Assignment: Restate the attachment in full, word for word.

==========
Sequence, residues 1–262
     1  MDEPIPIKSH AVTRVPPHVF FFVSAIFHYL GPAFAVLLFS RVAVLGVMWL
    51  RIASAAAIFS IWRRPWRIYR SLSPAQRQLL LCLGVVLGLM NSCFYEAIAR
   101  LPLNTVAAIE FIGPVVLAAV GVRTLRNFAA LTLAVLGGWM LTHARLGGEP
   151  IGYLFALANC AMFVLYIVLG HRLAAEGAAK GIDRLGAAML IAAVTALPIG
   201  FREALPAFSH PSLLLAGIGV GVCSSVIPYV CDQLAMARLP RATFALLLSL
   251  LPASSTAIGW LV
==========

Sequence, residues 1–262
     1  MDEPIPIKSH AVTRVPPHVF FFVSAIFHYL GPAFAVLLFS RVAVLGVMWL
    51  RIASAAAIFS IWRRPWRIYR SLSPAQRQLL LCLGVVLGLM NSCFYEAIAR
   101  LPLNTVAAIE FIGPVVLAAV GVRTLRNFAA LTLAVLGGWM LTHARLGGEP
   151  IGYLFALANC AMFVLYIVLG HRLAAEGAAK GIDRLGAAML IAAVTALPIG
   201  FREALPAFSH PSLLLAGIGV GVCSSVIPYV CDQLAMARLP RATFALLLSL
   251  LPASSTAIGW LV